5, The size of the virus is small (of the order of 100 nm) and the disease can be spread directly as well as in droplets emitted in breath which are a few microns. The latter have a very short lifetime in the air, a few seconds, the former a much longer time.

Now Eli needs to talk a bit about masks. It's well established that they can protect others against you, if you have COVID 19 by capturing droplets as you cough and breath. The question is can they protect you from when others are sharing. Turns out, it's not a one way thing, but the protection is asymmetric.  OTOH, if the amount of viral aerosol is low, non-perfection is better than nothing.

Masks can be extremely simple, a piece of cloth, or very complex, multi-layer engineered devices. The most sophisticated such as surgical masks and N95 ones have a layer with an electrostatic filter that can attract and hold small aerosol particles.  You can also get inserts for cloth masks with electrostatic filters.

Frankly this surprised Eli, but multiple layers in any mask will provide a tortuous path for the particles to pass through so the efficiency of multi-layer masks is much higher than just their pore size would indicate.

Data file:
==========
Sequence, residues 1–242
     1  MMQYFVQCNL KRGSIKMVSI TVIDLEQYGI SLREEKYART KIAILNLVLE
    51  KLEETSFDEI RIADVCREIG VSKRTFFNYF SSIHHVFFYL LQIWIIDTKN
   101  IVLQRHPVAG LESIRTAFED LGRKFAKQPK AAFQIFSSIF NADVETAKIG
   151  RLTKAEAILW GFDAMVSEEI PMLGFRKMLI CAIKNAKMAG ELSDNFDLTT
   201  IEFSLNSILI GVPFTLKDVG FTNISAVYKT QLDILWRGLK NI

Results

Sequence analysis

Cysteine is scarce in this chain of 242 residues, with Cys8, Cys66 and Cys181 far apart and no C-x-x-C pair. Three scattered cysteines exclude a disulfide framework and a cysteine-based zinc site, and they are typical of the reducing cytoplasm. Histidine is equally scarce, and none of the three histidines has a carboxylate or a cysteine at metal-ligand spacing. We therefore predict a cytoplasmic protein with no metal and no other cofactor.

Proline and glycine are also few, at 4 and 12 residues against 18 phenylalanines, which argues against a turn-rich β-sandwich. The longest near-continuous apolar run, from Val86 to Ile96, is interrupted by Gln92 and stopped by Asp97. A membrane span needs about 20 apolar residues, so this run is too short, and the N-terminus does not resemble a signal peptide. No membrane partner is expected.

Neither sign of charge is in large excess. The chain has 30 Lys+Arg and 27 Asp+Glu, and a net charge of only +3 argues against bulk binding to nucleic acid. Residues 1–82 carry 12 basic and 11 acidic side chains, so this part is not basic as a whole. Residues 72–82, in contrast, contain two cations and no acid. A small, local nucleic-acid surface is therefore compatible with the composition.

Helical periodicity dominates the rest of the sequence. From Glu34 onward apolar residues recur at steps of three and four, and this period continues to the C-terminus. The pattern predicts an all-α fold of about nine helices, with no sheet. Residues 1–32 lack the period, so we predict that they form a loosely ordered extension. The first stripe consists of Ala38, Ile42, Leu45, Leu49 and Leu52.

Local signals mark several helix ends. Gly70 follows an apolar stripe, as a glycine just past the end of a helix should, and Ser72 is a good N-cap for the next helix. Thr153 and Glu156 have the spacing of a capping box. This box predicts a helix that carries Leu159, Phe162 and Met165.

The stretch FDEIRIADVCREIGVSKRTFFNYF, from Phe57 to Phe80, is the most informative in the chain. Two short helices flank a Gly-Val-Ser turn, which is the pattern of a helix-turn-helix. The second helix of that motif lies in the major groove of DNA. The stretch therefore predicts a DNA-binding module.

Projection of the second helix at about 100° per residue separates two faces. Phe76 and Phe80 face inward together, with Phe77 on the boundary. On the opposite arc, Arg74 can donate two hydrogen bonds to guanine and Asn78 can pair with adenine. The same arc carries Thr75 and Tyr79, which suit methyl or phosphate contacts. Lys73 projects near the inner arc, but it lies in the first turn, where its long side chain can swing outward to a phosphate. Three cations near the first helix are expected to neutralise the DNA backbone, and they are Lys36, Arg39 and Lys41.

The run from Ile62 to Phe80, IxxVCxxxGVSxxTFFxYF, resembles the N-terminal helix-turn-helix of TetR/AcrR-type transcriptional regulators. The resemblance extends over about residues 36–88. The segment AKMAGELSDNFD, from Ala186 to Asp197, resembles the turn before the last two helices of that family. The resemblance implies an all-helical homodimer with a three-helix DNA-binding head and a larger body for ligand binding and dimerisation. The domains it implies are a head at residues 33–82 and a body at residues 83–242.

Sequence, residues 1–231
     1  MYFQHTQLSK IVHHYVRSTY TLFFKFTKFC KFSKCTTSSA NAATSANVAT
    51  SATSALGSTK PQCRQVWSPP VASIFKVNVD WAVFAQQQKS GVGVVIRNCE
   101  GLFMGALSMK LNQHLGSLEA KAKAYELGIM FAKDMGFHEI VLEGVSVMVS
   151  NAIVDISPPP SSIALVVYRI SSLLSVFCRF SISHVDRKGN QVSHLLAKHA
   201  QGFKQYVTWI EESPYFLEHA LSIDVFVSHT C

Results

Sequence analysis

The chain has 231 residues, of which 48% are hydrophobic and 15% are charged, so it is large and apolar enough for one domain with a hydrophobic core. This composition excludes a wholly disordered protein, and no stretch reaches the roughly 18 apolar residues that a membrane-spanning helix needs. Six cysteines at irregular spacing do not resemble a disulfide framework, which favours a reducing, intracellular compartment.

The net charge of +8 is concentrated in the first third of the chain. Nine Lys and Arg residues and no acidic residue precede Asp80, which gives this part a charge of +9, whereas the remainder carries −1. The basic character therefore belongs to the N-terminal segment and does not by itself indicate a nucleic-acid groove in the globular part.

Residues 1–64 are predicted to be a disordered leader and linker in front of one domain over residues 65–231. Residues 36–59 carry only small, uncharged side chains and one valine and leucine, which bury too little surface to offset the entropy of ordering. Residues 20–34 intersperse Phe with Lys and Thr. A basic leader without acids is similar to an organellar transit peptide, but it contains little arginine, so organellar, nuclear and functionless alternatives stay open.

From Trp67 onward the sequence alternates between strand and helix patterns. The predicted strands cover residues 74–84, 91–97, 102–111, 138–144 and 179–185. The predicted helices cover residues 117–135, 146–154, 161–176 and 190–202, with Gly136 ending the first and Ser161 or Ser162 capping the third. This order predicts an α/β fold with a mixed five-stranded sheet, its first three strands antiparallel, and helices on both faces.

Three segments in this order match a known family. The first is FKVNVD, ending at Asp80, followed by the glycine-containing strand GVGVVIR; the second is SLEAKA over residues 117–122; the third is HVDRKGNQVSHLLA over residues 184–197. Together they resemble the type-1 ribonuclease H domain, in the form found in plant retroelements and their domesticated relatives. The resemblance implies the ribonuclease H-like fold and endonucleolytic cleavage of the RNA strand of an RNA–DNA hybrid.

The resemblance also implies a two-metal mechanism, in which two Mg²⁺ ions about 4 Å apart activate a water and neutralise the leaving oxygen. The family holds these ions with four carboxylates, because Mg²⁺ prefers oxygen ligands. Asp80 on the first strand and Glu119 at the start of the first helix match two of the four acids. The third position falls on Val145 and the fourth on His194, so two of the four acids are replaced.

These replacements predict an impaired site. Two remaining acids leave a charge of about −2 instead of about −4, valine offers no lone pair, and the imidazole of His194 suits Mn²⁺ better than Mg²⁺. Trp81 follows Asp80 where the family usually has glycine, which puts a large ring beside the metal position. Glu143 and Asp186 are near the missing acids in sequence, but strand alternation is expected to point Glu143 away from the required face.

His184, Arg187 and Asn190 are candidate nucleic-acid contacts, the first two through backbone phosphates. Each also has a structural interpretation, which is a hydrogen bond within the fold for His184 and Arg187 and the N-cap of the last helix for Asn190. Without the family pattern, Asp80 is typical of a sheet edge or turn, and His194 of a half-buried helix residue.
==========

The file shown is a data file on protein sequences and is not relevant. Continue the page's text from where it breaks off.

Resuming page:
Before the last six months or so there actually is not very much information on mask efficiency for various size materials and composites beyond N95 and surgical masks because there was not much need, but, of course, recently, a tsunami. Unfortunately a lot of the tsunami are simply reviews of the tsunami and not so much new work.

Perhaps the best earlier work was Testing the Efficacy of Homemade Masks: Would They Protect in an Influenza Pandemic? Anna Davies, Katy-Anne Thompson, Karthika Giri, George Kafatos, Jimmy Walker, and Allan Bennett, Disaster Med Public Health Prep. 2013 Aug; 7(4): 413–418. which anticipated the need for cloth masks when N95 and surgical mask supply was exhausted by an epidemic. They said, ok, better than nothing against virus and bacteria.


Bacteriophage MS2 is a 28 nm RNA virus, so really small, B atrophaeus is much larger a rod shaped bacterium.  Just looking at the Bacteriophage MS2 results shows that even  single layers of cloth can provide some protection. They conclude that a surgical mask might be 2 or 3 times as effective as a tea towel.  Eli takes this to mean that even simple masks offer some protection in situations where there is not a lot of a virus and can limit infection to below the minimum critical amount.